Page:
SANTA CRUZ, CA -- Researchers at the University of California, Santa Cruz, have determined the three-dimensional structure of an RNA enzyme, or "ribozyme," that carries out a fundamental reaction required to make new RNA molecules. Their results provide insight into what may have been the first self-replicating molecule to arise billions of years ago on the evolutionary path toward the emergence of life.
In all forms of life known today, the synthesis of DNA and RNA molecules is carried out by enzymes made of proteins. The instructions for making those proteins are contained in genes made of DNA or RNA (nucleic acids). The circularity of this process poses a challenge for theories about the origins of life.
"Which came first, nucleic acids or proteins? This question once seemed an intractable paradox, but with the discovery of ribozymes, it is now possible to imagine a prebiotic 'RNA World' in which self-replicating ribozymes accomplished both tasks," said William Scott, associate professor of chemistry and biochemistry at UC Santa Cruz.
Scott and postdoctoral researcher Michael Robertson determined the structure of a ribozyme that joins two RNA subunits together in the same reaction that is carried out in biological systems by the protein known as RNA polymerase. Their findings are published in the March 16 issue of the journal Science.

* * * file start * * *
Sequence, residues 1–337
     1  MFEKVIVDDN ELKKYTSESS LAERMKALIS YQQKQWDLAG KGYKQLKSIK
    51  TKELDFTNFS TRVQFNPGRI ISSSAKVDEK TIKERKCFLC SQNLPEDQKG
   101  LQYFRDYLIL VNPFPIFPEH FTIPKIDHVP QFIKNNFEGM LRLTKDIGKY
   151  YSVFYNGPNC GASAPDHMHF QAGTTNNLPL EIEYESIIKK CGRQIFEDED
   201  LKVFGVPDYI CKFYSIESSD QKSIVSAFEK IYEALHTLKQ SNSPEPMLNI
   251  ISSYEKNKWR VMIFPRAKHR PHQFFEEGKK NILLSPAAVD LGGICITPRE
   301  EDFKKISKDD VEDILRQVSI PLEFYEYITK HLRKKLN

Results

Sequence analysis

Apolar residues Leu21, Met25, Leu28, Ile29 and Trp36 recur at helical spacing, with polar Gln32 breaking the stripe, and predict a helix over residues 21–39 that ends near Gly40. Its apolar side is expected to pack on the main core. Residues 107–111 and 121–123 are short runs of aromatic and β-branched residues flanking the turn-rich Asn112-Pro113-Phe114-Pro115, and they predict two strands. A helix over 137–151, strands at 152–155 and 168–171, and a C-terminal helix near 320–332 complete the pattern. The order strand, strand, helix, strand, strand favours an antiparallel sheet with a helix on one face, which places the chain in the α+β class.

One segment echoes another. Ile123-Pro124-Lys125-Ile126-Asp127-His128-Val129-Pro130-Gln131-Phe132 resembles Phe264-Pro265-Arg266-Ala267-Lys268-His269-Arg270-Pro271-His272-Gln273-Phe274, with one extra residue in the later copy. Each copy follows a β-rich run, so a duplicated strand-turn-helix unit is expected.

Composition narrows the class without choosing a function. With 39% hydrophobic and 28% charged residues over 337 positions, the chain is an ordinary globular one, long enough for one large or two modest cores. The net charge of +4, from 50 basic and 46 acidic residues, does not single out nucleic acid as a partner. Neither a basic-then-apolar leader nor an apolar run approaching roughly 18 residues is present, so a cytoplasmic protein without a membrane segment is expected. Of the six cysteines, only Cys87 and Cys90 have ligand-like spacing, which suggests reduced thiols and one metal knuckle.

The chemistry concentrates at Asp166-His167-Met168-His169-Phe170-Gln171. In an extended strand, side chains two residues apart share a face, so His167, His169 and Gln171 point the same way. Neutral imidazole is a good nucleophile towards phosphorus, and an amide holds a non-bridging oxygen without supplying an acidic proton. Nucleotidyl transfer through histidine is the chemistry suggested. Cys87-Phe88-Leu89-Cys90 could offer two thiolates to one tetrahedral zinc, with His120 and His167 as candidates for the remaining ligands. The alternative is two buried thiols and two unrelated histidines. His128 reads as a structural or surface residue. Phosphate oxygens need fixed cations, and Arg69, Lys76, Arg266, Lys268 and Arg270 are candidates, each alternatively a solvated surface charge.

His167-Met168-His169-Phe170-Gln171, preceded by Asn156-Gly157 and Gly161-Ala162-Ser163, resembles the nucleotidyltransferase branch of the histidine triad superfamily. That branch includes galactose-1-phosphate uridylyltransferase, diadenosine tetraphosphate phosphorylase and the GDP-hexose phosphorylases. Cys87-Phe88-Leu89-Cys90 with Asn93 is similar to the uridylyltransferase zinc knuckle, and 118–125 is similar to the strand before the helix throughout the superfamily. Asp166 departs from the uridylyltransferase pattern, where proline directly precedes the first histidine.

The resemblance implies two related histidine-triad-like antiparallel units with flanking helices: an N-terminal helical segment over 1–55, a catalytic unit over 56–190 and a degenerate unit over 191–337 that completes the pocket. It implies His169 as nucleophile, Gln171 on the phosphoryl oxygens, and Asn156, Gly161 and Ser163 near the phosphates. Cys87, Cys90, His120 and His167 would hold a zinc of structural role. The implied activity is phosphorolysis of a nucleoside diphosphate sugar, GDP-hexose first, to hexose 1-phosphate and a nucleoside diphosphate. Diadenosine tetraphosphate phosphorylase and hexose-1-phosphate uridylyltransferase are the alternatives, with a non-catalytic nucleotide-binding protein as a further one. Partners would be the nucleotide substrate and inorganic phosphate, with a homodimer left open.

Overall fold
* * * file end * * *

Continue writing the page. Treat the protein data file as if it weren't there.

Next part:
"An RNA-dependent RNA polymerase ribozyme is the foundation of the entire RNA World hypothesis," Robertson said. "With that, you would have an RNA capable of making copies of itself; mutations or errors in some copies would result in variations that would be acted on by Darwinian natural selection, and the molecules would evolve into bigger and better ribozymes. That's what makes this structure so interesting."
Robertson and Scott determined the structure of a ribozyme that is not an entirely self-replicating RNA molecule, but it does carry out the fundamental reaction required
Contact: Tim Stephens
University of California - Santa Cruz